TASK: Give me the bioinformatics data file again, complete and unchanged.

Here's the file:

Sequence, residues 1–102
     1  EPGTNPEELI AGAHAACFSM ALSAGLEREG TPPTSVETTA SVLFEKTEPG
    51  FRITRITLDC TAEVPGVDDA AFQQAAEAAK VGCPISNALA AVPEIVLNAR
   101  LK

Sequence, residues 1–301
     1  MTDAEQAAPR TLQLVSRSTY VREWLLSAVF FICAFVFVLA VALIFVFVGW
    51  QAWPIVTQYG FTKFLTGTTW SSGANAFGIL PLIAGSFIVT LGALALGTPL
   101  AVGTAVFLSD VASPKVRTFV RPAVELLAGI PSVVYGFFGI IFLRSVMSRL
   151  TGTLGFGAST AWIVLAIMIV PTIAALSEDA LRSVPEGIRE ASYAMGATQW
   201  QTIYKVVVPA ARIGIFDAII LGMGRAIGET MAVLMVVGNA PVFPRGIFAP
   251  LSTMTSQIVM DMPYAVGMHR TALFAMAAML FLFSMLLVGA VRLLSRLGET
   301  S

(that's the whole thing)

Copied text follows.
Sequence, residues 1–102
     1  EPGTNPEELI AGAHAACFSM ALSAGLEREG TPPTSVETTA SVLFEKTEPG
    51  FRITRITLDC TAEVPGVDDA AFQQAAEAAK VGCPISNALA AVPEIVLNAR
   101  LK

Sequence, residues 1–301
     1  MTDAEQAAPR TLQLVSRSTY VREWLLSAVF FICAFVFVLA VALIFVFVGW
    51  QAWPIVTQYG FTKFLTGTTW SSGANAFGIL PLIAGSFIVT LGALALGTPL
   101  AVGTAVFLSD VASPKVRTFV RPAVELLAGI PSVVYGFFGI IFLRSVMSRL
   151  TGTLGFGAST AWIVLAIMIV PTIAALSEDA LRSVPEGIRE ASYAMGATQW
   201  QTIYKVVVPA ARIGIFDAII LGMGRAIGET MAVLMVVGNA PVFPRGIFAP
   251  LSTMTSQIVM DMPYAVGMHR TALFAMAAML FLFSMLLVGA VRLLSRLGET
   301  S